A wise comedian once said: Comedy is not pretty. That’s apparently as true in Bernal Heights as it is in Tinseltown, because there was a some commotion yesterday at the Lucky Horseshoe’s new stand-up comedy night. Neighbor Leander tells it like he saw it:
There was big drama at the Lucky Horseshoe Bar on Cortland tonight. During a stand-up comedy night, a female comedian got into an argument with a bar patron and called 911 onstage.
The drama unfolded during the weekly Comedy at Dusk stand-up night, which features 15-minute sets from several local entertainers. During the third act, the woman comedian got into a heckling match with some customers at the bar. They barged into the bar during the middle of her act and oblivious to what was going on, they rudely disrupted her show.
Then the bartender — who appeared to be friends with the customers — got involved, escalating the situation. Meanwhile, the owner of the bar was playing a noisy PacMan arcade machine that is located in the middle of the bar, distracting the woman onstage. It was noisy, chaotic and slightly crazy. The female comedian’s act became a total circus. She spent the rest of her act yelling at the bartender, the rude customers, and whoever walked in through the door.
Eventually, she grew tired of battling everyone, left the stage and went outside. But one of the customers she had yelled at — a slight Asian man — followed her outside and — allegedly — spat in her face on the sidewalk. I saw him come flying back into the bar. It looked like one of the women’s companions shoved him.
The woman rushed back in and grabbed the microphone from the next comedian, who was in the middle of his act. She announced to everyone that she’d been assaulted and started to dial 911 on stage. The fourth comedian and several others tried to get the microphone back to continue the show, but she refused to give it up. The bar owner got up from her PacMan game, but instead of dealing with the situation, went to the back of the bar and turned the music up very loud. Shortly, three squad cars of cops showed up. Two cop cars pulled up in front with their lights flashing and one around the corner. The first two cops on the scene started interviewing everyone as the other cops realized they weren’t needed and left.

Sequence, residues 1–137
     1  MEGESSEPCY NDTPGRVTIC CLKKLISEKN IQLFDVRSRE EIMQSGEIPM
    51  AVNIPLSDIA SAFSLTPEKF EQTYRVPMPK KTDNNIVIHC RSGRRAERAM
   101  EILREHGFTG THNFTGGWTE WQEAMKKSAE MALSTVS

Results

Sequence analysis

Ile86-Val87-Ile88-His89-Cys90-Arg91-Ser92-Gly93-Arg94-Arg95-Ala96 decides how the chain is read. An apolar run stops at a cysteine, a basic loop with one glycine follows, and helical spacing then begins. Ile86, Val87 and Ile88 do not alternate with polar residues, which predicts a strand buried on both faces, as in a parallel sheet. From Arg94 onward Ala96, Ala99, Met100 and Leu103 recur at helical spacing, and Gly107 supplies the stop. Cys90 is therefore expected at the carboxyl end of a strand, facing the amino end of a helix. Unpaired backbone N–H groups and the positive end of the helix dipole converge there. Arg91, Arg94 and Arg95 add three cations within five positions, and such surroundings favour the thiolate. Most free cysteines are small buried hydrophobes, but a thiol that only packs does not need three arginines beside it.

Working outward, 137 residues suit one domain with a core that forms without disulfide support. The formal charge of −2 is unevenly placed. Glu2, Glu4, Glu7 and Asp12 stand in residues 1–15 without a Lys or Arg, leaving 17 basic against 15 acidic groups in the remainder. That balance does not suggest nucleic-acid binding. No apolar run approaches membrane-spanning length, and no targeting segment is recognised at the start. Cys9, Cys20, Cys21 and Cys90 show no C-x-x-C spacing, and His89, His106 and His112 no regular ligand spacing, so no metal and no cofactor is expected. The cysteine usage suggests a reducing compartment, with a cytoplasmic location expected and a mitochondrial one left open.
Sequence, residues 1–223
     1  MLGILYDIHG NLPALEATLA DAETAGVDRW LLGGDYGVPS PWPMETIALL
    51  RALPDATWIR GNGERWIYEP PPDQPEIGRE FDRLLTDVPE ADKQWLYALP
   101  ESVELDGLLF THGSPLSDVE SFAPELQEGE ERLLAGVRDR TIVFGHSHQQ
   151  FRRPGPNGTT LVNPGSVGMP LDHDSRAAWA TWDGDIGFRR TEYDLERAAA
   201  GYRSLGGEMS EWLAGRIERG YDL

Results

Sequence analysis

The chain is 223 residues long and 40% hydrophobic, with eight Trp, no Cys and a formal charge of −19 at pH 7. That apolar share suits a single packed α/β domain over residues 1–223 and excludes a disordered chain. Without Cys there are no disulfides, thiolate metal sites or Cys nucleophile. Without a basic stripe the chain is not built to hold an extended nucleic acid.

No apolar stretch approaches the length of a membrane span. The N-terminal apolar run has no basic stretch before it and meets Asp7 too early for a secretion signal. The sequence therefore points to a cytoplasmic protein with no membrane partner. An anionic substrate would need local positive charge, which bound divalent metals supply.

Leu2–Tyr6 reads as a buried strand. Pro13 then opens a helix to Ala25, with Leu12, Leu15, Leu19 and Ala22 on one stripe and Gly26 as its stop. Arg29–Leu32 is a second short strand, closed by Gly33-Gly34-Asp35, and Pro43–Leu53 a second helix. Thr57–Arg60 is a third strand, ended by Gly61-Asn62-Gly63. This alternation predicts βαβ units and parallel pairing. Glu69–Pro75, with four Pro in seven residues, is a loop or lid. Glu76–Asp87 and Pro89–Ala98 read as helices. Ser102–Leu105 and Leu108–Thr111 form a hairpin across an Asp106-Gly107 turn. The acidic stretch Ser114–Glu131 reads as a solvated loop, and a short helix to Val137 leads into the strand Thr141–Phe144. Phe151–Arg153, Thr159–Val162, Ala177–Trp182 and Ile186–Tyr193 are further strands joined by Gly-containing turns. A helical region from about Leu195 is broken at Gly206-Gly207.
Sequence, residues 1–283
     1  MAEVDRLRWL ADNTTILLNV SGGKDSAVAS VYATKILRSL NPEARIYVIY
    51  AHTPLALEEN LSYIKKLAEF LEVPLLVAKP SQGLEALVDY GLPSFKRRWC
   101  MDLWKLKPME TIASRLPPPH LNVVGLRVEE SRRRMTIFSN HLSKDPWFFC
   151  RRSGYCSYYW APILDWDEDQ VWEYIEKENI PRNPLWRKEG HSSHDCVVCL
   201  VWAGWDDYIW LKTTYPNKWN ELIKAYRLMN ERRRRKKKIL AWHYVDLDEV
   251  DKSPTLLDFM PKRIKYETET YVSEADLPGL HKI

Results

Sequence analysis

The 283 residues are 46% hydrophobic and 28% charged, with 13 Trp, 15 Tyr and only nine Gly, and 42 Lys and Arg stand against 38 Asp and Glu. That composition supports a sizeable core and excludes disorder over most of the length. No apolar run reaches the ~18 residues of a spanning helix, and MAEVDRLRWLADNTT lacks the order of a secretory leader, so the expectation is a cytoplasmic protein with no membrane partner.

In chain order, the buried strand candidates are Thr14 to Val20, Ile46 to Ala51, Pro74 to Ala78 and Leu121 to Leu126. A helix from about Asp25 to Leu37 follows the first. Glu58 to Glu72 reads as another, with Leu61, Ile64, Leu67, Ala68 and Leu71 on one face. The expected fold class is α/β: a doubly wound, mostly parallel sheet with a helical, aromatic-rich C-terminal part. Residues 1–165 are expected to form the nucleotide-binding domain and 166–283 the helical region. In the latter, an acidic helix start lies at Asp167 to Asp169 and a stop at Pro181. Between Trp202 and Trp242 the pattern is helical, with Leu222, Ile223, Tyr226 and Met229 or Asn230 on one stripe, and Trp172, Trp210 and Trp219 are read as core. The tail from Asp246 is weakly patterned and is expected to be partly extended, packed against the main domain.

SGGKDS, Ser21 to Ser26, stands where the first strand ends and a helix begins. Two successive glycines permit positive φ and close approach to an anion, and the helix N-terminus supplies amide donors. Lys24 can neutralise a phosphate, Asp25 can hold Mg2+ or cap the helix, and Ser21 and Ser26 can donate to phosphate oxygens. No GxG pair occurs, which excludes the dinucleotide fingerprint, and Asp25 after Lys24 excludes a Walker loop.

The two cops stayed for about 30 minutes. The Asian man had left the bar and was nowhere to be found. His rude friends assumed a low profile at the bar, laughing and joking with the bartender. After the cops left, the female comedian said the cops were classifying the incident as battery and were planning to pull the bar’s security footage to identify the alleged assailant. People started making jokes about putting up wanted signs around the neighborhood.
As we left, one of the comedians joked we should return again soon. “Come back next week,” she said, “there’ll be blood!”
UPDATE 13 March, 2014: Bernalwood reached out to Eric Embry, co-owner of the Lucky Horseshoe, for comment about the incident. Eric shares these thoughts:
Thanks for letting me know about the post and for the opportunity to respond.
Our goal at The Lucky Horseshoe is to be a cozy, welcoming neighborhood bar that folks in Bernal Heights can call a home away from home. We hope that the live music and other entertainment we schedule will enhance that experience and typically we’ve been pretty successful with what we book. However, what happened Tuesday night at the bar was a very regrettable series of events which, although an anomaly for us, is something we don’t take lightly. Whether it was specific to the people involved or simply just that our bar’s atmosphere doesn’t fit the needs of a comic, by all accounts it was a dreadful few minutes that I imagine all parties involved must regret. We certainly do; this is the first incident of it’s kind in the almost three years we’ve operated The Lucky Horseshoe.
Our policy at The Lucky Horseshoe is simple: all are welcome as long as they respect our business and the neighborhood. We’d like to extend our apologies for the discomfort our patrons must have felt Tuesday evening. We’ve made what we hope are the necessary adjustments to our entertainment calendar to avoid situations like this in the future.
Performers have a responsibility to their audience. The best thing an entertainer can do when losing an audience is take a deep breathe and keep the cool. Perhaps the worst thing to do is to turn the intensity of such a moment into anger at the audience you hope to entertain. And to the alleged spitter I’d say there is no worse way to handle an insult comic than to be personally insulted, and especially to react. You are not welcome at The Lucky Horseshoe.
PHOTO: Neighbor Leander